- The Washington Times - Tuesday, March 18, 2003

ANNAPOLIS The decision by Maryland Gov. Robert L. Ehrlich Jr. to include a 5 cents property-tax increase in his budget has provoked sharp criticism from within his Republican Party and from special interest and conservative groups that say the governor broke a campaign pledge.
Republican leaders called the proposed increase a "brutal" tax hit for families. Advocates for seniors said older residents would be disproportionately hurt. And one of the state's foremost taxpayer advocacy groups said the governor was "taking the easy way out" of a budget crunch.
Critics noted that Mr. Ehrlich became Maryland's first Republican governor in 34 years because he promised to reduce government and make it more efficient, not raise taxes.
"We need a more streamlined, efficient government," said Dee Hodges, president of the Maryland Taxpayers Association. "If we have to extend the [General Assembly] session, let's do it. Maryland has to stop and take a look at [cutting] excessive, worthless programs and not put the tough choices on the taxpayers."
Shareese DeLeaver, an Ehrlich spokeswoman, said the administration had already cut $518 million in spending and more cuts were on the way. However, other measures were deemed necessary.
"Given the severity of our budget woes, it is a small price to pay," she said.
Mr. Ehrlich said taxes on income, sales, gasoline, alcohol and tobacco are no longer part of a budget negotiations.
He also said the only increase he would consider besides those in property taxes is increasing filing fees for corporations or removing some of their tax advantages.
The House Ways and Means Committee will decide today on sending a tax package to a floor vote. The bill includes more than $200 million in corporate taxes, such as repealing exemptions for the health maintenance organization premium tax and corporate-transfer taxes and increasing corporate filing fees.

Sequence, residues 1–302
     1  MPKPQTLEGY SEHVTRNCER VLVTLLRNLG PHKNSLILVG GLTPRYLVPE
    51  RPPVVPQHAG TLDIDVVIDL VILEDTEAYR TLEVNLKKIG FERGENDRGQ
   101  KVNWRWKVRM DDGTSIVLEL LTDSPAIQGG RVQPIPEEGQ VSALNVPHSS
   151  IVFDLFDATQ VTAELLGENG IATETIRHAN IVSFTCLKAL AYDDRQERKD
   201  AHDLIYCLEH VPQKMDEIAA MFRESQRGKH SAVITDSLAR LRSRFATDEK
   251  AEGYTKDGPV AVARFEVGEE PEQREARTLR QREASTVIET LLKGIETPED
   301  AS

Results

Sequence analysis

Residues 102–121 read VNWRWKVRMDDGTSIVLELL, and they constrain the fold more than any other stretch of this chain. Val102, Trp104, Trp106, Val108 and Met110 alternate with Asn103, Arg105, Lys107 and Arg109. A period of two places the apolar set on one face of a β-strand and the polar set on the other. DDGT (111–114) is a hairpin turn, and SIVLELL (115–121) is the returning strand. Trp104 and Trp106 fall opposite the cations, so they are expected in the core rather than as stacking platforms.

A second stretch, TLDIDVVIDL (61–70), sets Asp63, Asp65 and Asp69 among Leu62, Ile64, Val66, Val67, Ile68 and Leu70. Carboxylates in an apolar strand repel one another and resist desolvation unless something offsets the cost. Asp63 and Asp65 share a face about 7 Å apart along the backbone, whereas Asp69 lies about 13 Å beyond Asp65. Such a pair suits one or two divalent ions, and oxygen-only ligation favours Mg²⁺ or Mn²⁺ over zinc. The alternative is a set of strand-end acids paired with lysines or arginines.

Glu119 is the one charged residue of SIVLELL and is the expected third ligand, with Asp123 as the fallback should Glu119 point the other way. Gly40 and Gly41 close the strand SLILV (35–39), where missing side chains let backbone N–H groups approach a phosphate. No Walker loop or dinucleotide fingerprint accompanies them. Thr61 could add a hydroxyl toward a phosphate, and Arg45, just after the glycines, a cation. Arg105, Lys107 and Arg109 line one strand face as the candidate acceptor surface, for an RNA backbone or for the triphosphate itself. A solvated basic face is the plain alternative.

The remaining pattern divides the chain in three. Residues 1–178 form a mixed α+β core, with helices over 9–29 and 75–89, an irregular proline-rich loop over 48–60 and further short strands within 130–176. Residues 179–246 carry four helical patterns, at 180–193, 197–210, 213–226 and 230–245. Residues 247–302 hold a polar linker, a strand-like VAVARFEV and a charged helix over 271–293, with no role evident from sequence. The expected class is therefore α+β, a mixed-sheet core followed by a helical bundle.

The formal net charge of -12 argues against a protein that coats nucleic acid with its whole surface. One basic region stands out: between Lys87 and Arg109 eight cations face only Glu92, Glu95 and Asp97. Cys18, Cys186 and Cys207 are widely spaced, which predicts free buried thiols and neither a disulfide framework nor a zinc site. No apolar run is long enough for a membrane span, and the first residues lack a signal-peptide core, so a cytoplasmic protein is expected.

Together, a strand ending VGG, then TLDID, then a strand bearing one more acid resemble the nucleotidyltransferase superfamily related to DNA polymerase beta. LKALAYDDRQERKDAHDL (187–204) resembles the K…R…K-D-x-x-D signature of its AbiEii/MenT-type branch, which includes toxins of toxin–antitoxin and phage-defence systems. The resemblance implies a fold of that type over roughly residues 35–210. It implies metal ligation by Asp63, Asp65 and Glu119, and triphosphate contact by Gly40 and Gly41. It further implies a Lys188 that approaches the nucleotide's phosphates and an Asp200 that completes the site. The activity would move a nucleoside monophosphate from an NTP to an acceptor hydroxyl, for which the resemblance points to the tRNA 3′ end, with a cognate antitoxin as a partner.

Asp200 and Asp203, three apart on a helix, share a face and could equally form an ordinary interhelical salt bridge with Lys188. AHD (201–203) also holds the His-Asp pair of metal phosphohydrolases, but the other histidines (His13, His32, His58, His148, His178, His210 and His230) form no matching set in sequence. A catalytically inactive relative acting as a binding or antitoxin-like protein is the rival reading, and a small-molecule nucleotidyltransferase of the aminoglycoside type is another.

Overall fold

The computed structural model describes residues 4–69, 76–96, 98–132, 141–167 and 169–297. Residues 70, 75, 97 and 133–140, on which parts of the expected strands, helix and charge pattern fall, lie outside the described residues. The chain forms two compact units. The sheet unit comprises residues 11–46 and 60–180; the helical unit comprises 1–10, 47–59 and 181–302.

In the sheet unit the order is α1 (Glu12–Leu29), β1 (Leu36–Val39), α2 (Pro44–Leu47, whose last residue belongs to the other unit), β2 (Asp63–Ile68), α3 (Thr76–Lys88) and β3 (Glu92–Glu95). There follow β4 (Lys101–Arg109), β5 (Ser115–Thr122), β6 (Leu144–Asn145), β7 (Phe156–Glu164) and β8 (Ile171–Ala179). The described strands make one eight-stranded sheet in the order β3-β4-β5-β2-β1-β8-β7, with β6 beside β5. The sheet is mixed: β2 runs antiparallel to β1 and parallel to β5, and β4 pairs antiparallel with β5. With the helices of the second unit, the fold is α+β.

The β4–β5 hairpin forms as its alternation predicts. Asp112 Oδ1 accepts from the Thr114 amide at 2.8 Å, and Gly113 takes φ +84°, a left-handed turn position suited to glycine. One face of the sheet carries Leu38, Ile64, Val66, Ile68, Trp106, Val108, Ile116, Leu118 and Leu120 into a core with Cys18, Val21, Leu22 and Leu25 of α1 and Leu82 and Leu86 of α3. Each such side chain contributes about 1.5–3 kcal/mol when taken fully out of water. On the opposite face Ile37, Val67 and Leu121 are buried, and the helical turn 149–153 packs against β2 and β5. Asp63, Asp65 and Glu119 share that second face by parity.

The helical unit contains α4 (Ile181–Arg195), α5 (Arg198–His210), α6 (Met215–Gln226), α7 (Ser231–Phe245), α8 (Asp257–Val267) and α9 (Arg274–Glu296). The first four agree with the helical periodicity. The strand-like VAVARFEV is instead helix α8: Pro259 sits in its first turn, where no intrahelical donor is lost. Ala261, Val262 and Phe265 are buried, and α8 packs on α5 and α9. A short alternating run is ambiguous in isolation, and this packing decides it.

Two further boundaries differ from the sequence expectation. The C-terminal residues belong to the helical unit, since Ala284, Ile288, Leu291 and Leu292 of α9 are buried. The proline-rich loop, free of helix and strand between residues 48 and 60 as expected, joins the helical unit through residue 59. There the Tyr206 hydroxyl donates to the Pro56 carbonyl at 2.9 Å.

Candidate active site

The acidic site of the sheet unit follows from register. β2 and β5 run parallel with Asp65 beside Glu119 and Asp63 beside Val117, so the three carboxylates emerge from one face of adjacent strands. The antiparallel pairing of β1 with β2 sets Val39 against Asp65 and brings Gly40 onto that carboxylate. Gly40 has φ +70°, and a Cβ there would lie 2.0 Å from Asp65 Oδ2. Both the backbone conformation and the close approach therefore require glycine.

The governor's plan to increase real property tax from 8 cents to 13 cents per $100 assessed value a roughly 63 percent increase would boost the tax bill on a $185,000 home by about $93.
"That's really a brutal tax to put onto someone," said Delegate Jean B. Cryor, Montgomery Republican. "It hits hard."
Miss Cryor said she supports Mr. Ehrlich and that he was forced to accept the tax increase as part of a budget compromise.
AARP Maryland, an advocacy group for Marylanders age 50 and over, favors a combination of income, sales and property taxes when the state needs more revenue.
Property tax is the most regressive tax of those three because the tax continues to increase as people age and their income is either stagnant or is going down," said Frank Bailey, the AARP Maryland director.
The Maryland Association of Realtors is not expected to support the increase because it could compound rising assessments and anticipated property tax-rate increases in Maryland counties and cities also facing budget shortfalls, said Bill Castelli, the group's vice president of government affairs.
Mr. Ehrlich agreed to the property-tax compromise to help bridge a $2 billion budget gap and keep alive his bid to legalize slot-machine gambling at horse tracks.
The proposed increase will generate about $165 million more in taxes to pay off the budget deficit. The state has not increased property taxes for 22 years.
A property-tax increase is attractive to lawmakers because they don't have to vote on it. The rate is set by the Board of Public Works made up of the governor, comptroller and treasurer.
Among Republican lawmakers in Annapolis, the harshest criticism of Mr. Ehrlich has come from freshman legislators.
"All I heard from the very beginning was, 'No new taxes,'" said Delegate LeRoy E. Myers, Western Maryland Republican. "I think [property tax] falls into that category."

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